In an instant, 200 Monarch butterflies drifted across Burba Lake, released Saturday morning by teary-eyed families in memory of their loved one.
Despite the wave of colorful orange and black wings, an overcast sky set the tone for the Gold Star Mother’s and Family’s Day remembrance ceremony.
Over 150 community members gathered at Burba Lake to honor survivors and remember fallen service members.
This was the second year that Army Survivor Outreach Services at Fort Meade organized the ceremony.
SOS offers survivors access to support, information and services. The organization also provides support coordinators, financial counselors and Gold Star advocates to reassure survivors that they remain valued members of the Army family, according to the SOS website.
This year’s remembrance ceremony drew a much larger crowd, which included Fort Meade Scout troops.
“[The significance of this event is] to make sure survivors have a tie-in to remembering and honoring their family member,” said Voncile Farmer, the SOS coordinator. “It’s very important to keep that memory alive. Even if someone dies … you have them in your heart and memory.”
The American Gold Star Mothers organization was founded before the end of World War II for mothers whose children died during their military service.
The last Sunday in September is observed throughout the country as Gold Star Mothers Day. On Sept. 23, President Barack Obama signed a presidential proclamation in honor of the annual observance.
Honoring Fallen Heroes
On Saturday, survivors lined up in front of the crowd to speak about their fallen Soldier.
Gold Star Mother Tracy Savoy spoke about her son Pfc. Thomas Simms, who died in July.
“I cannot imagine what it will be like in five years or 10 years for me,” Savoy said through tears. “You don’t know what it means to me to hear everyone’s stories. I’m just very thankful for this service.”
Kelly Swanson, the Gold Star Mother of Staff Sgt. Christopher Swanson who died 10 years ago, told the audience about her son’s plan to take her sky diving.
While she initially didn’t understand why anyone would want to jump out of a “perfectly good airplane,” three years ago Swanson took the plunge with an organization called Leap of Faith.
“I know [my son] was with me and he was proud of me,” she said.
The Swanson family just observed its “10-year angel-versary,” Swanson said.
“It’s hard every day, but we thank you for your prayers and your support, especially [Survivor] Outreach Services,” Swanson said.
Among those in attendance was Janice Chance¸ the president and chaplain for the American Gold Star Mothers Inc., Maryland Chapter. She works with SOS coordinators in welcoming mothers new to the area and to the program.
Chance is the Gold Star Mother of Marine Capt. Jesse Melton III, who was killed in Afghanistan on Sept. 9, 2008. Chance has a saying about how she stayed positive after losing her son.
“Yes, I cry, but I do not drown in my tears and I refuse to be paralyzed by my pain,” she said to the group. “I’m going to carry on the legacy of [my son’s] service. Every day we have to make a decision: Do we become bitter or do we become better? I have chosen to become better.”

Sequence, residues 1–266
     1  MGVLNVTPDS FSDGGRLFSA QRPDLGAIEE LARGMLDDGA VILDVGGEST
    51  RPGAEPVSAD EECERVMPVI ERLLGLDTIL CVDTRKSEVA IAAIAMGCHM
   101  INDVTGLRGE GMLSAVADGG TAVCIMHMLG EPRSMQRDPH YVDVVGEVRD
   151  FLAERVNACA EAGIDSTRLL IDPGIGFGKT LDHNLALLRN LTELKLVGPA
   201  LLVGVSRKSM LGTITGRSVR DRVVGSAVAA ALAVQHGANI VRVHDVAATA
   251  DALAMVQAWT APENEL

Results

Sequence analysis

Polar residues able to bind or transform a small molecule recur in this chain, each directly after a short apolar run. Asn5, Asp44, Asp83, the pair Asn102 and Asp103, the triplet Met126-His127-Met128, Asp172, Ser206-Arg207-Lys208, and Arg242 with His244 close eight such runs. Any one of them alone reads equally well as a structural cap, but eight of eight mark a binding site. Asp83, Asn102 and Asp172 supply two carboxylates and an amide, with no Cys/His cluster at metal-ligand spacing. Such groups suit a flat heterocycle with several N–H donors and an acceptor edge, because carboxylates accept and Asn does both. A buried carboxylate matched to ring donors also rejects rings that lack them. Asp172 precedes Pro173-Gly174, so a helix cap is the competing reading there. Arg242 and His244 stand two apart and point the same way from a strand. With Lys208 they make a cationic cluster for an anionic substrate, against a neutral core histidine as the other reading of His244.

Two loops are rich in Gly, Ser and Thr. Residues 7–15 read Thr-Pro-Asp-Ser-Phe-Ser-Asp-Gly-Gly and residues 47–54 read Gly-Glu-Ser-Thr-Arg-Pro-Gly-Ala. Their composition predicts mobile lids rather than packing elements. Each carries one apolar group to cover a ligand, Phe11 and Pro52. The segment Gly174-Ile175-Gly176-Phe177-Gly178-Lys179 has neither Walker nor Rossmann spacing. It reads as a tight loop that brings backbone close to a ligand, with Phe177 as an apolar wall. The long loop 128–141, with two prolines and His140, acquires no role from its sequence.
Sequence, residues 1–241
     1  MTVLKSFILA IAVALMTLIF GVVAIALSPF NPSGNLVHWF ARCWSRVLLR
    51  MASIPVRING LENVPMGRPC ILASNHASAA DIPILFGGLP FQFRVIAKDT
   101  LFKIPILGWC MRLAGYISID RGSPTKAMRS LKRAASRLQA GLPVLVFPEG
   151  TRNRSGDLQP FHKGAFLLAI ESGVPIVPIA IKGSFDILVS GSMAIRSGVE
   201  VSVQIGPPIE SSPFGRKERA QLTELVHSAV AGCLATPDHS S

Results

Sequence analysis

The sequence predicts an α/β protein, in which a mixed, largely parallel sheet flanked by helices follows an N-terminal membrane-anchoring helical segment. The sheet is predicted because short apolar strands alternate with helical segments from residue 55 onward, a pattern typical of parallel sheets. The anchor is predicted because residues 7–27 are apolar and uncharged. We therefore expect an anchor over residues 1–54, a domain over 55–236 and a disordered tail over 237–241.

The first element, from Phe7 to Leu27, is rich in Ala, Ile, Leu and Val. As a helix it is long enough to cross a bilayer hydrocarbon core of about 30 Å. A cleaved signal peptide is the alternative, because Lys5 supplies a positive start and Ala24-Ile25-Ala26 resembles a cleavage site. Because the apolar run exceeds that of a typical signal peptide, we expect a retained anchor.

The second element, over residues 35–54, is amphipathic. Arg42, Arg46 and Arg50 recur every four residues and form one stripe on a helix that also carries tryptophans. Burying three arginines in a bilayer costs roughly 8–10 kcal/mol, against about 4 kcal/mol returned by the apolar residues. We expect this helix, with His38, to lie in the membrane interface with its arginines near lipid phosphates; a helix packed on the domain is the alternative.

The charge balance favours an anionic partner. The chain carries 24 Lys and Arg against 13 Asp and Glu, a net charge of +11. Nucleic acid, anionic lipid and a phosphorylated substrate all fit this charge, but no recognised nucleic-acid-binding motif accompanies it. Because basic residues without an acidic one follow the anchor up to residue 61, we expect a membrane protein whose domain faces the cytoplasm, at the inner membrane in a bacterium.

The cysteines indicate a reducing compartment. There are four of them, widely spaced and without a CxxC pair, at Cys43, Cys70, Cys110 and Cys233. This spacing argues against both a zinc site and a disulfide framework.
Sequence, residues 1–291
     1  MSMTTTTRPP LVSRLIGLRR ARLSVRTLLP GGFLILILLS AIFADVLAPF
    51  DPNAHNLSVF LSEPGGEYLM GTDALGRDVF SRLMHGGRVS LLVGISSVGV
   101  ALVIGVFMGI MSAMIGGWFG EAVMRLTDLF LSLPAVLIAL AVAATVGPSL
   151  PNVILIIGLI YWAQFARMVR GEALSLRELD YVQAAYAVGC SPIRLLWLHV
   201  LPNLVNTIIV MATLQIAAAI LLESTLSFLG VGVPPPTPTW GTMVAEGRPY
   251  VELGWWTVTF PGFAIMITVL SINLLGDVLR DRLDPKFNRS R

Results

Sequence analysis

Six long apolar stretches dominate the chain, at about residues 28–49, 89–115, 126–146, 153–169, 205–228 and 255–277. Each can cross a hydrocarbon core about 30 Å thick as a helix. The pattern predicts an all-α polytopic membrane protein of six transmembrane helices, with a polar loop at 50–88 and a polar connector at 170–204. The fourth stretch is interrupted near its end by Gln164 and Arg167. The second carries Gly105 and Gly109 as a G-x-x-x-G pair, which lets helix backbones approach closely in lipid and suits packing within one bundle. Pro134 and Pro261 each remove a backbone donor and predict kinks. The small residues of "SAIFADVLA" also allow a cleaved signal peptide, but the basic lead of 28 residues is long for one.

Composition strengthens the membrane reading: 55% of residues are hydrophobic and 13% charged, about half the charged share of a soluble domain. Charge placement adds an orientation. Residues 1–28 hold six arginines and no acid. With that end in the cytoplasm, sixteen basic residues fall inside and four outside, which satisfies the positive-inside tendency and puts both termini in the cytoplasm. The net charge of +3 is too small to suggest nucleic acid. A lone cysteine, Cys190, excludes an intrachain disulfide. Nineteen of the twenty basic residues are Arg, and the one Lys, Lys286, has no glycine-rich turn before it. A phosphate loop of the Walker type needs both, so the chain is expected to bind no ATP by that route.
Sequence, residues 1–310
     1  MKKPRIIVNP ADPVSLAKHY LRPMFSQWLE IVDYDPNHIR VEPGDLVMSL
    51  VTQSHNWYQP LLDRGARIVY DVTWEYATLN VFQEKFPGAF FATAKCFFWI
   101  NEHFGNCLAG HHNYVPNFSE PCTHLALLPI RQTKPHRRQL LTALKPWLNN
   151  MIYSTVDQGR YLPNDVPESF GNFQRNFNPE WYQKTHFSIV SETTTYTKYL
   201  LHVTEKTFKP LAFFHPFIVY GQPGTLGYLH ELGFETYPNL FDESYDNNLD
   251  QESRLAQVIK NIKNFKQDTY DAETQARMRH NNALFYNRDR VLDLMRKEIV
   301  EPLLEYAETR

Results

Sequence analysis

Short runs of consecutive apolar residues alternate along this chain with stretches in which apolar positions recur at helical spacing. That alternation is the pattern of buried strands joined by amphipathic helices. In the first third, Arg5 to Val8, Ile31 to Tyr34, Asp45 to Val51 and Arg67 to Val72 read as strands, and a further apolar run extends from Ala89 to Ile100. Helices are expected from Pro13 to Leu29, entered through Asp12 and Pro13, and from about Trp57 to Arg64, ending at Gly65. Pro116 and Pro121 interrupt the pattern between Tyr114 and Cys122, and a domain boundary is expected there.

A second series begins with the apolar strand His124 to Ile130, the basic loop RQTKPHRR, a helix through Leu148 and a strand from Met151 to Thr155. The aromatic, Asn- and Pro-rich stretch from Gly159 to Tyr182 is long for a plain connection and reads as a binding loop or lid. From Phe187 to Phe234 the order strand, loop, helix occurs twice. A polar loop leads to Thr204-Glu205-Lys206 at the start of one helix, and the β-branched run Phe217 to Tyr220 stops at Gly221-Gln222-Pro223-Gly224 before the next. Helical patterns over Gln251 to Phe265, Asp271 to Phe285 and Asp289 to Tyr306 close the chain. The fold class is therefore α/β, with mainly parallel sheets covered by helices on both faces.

Chance thinks of the Gold Star Mothers as her extended family and said their mission is to keep the memory and legacy of their children alive by serving veterans, active-duty service members and their families, and working within their communities.
After the Gold Star Mothers and Wives spoke, Lisa Rickard, wife of Garrison Commander Col. Tom Rickard, addressed the group.
“I would ask you to consider that although a butterfly is fragile and vulnerable, it is also extremely resilient,” Rickard said. “Just like the butterflies, there are many days you feel fragile and vulnerable. But remember, you are actually extremely resilient.”
After the Gold Star Mothers and Families received their butterfly, they made their way to the edge of Burba Lake. Chance read a poem before the group released the butterflies, all 200 of them drifting across the lake.
Gold Star Mother Mary Wiley, who lives in Odenton, said that the weekend is special to her for two reasons.
“My youngest son Spc. Ross E. Vogel III died in Iraq on Sept. 29, 2009,” Wiley said. “This is Gold Star Mothers weekend, and it’s always going to be close to the anniversary of his death. So that’s special for me.”
When Wiley’s oldest son was stationed at Fort Meade in 2013, she came to help watch her grandchildren. One of the first things she did when she arrived on post was to reach out to Fort Meade’s SOS. There, she met Farmer.
“It was a very difficult time for me, and she helped me get through it,” Wiley said. “The Fort Meade community has just been awesome.
“I’m just really excited to be here and to be a part of this. Fort Meade has been like a big hug.”
For Wiley, who attended last year’s butterfly release as well, the symbolism of the butterfly hit home.
“Butterflies signify that life continues, although there’s a death,” she said. “So there’s the caterpillar and its process, but then there’s a beautiful butterfly. It signifies new life and it can all happen, life after a tragic death.
“You just have to keep pushing forward to get through the darkness. But the whole process, of the caterpillar, the cocoon and then the butterfly — that’s kind of how I feel, like I’ve gone through that metamorphose of change with the help of the people here.”